The UN Security Council on Wednesday strongly condemned North Korea's missile launch, calling it a clear violation of UN resolutions.
[Interview : William Hague, UK Foreign Secretary] "It is a breach of UN Security Council resolutions - 1718 and 1874 - because it involves the use of ballistic missile technology."
Pyongyang launched the Unha-3 rocket Wednesday morning, local time.
It appears to have followed its planned trajectory, with stages falling in expected areas.
North Korea says its satellite is now in orbit, and the U.S. confirmed an object has been put into space.
Washington and its allies see the launch as a test of technology that could deliver a nuclear warhead capable of hitting targets as far away as the continental United States.
The U.S. has warned Pyongyang will face "consequences" for its actions.
It's not yet clear what actions Washington might be considering against North Korea, but U.S. Ambassador to the United Nations Susan Rice said Washington wants "a clear and meaningful response".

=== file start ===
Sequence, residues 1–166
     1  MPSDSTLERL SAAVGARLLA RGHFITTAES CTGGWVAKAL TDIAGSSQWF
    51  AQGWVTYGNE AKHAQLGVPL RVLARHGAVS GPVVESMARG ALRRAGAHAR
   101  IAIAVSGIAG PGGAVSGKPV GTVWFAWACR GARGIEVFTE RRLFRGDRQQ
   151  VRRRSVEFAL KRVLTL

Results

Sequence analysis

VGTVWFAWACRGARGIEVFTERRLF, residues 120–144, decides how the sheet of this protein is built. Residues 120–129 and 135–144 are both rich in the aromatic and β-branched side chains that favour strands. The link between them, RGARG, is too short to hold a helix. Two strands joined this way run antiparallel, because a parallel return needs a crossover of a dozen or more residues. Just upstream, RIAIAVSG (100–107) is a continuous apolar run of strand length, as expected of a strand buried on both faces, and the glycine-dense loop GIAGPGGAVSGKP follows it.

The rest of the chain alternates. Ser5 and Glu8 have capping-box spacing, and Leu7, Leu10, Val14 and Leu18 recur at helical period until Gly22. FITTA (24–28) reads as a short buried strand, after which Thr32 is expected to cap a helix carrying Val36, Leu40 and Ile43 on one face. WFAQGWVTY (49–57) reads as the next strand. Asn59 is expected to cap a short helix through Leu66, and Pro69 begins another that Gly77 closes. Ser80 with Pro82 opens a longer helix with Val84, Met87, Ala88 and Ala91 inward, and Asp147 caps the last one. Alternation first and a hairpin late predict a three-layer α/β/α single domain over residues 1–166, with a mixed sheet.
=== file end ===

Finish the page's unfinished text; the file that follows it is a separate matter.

Several council diplomats reportedly said they hoped the 15-nation body considers adopting a binding resolution on North Korea, possibly expanding existing sanctions. This could possibly include banning travel and freezing assets of individual North Korean officials and tightening cargo-inspections.
However, whether or not the Security Council can agree on a resolution - with or without expanding sanctions -- will again depend largely on China and Russia.
The two nations have veto powers and tend to vote the same way on issues important to either of them.
Then U.S. Defense Secretary Robert Gates forecast in January 2011 that Pyongyang would have a limited capability to deliver a weapon to U.S. shores within five-years using intercontinental ballistic missiles.
Kim Yeon-ji, Arirang News.